Office of Medicare Hearings and Appeals Seeks Input on Ways to Reduce Medicare Appeal Backlog
November 11, 2014 03:41 PM
The Office of Medicare Hearings and Appeals (OMHA) has published a “Request for Information” regarding the Administrative Law Judge (ALJ) Program for Medicare Claim Appeals. The Request follows a recent OMHA Medicare Appellant Forum held in Washington, D.C. where OMHA officials detailed the ever-increasing appeal backlog along with its initiatives to bring greater efficiencies and productivities into the ALJ appeal process.
Nearly 900,000 ALJ level appeals are awaiting assignment and processing. The assignment of appeals to ALJs has been suspended since July 2013 due to the volume of pending appeals. The majority of the backlogged appeals involve hospital challenges to retroactive claim rejections by a Recovery Audit Contractor. The second highest volume involves Durable Medical equipment appeals, primarily because of the monthly rental billings method. It is estimated that there are approximately 30,000 home health and hospice ALJ appeals pending, many of which stem from state Medicaid program appeals involving dual-eligibles.
Since the explosion in backlogged appeals began, OMHA has instituted a wide range of improvements designed to take advantage of technological innovations, streamlined processing systems, and additional monies in its budget. For example, OMHA recently open a Kansas City regional office with seven ALJ teams capable of handling 7,000 hearings a year. However, it is highly unlikely that these improvements will do more than put a dent into the 13-14,000 new hearing requests received each week.
Still, OMHA wants to hear from anyone with a good idea. It is expected that the OMHA settlement conference option will soon become operational. Also, the use of a voluntary appeals sampling approach is underway for those providers with multiple appeals in the backlog.
NAHC views the backlog as insurmountable in the absence of intervention by the Centers for Medicare and Medicaid Services (CMS). Earlier this year, NAHC recommended that CMS institute a mass settlement option that offers the home health and hospice community a quick and simple process for a compromise settlement based on historical ALJ reversal rates.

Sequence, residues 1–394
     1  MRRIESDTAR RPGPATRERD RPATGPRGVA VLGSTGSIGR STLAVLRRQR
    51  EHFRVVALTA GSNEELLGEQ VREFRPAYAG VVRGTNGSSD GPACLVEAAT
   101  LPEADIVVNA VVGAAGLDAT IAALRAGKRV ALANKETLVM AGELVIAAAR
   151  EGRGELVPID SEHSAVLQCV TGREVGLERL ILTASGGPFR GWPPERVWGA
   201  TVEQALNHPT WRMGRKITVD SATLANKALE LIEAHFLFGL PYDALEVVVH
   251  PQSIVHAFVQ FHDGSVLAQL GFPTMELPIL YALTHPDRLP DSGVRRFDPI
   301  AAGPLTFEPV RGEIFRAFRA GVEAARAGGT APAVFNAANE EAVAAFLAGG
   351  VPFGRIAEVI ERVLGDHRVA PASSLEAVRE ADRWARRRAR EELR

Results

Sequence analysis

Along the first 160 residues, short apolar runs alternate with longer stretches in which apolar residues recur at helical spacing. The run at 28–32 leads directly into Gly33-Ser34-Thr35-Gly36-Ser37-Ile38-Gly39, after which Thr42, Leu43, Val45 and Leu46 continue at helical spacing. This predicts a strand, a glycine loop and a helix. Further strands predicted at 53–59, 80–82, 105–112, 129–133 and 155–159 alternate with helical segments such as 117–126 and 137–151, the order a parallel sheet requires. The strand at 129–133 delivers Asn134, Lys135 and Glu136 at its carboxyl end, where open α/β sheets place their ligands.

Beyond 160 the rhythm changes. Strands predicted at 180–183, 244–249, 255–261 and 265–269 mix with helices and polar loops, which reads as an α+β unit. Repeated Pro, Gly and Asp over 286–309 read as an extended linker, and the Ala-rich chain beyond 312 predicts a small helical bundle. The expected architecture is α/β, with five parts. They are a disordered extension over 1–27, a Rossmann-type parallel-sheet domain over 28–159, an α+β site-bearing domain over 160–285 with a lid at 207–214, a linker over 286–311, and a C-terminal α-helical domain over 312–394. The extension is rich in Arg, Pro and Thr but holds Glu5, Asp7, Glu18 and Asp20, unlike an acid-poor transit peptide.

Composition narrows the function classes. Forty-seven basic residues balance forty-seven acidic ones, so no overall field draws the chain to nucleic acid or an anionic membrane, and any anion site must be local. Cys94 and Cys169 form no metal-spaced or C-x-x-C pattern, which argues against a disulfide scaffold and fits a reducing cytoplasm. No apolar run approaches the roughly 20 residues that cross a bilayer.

CMS recently announced a similar settlement option to hospitals wherein an appellant hospital would receive 68 cents per dollar in dispute to drop its appeals. With the high volume of face-to-face physician encounter denials inflicted on home health agencies, a comparable settlement option might be worth considering. NAHJC is continuing in its efforts to create such an option as an alternative to waiting for an ALJ hearing several years from now.
NAHC also believes that the hearing backlog is due, at least partially, to avoidable errors in the initial decisions issued by Medicare contractors. For example, home health agencies are receiving face-to-face physician encounter denials that are based on the failure of the physician to include “MD” after his/her signature. While NAHC finds no support for such denials in Medicare rules and regulations, at a most it is a minor error or omission that the provider should be permit to correct rather than resort to costly appeals.
The Request for Information can be found here. Comments must be submitted no later than 5PM EST on December 5, 2014.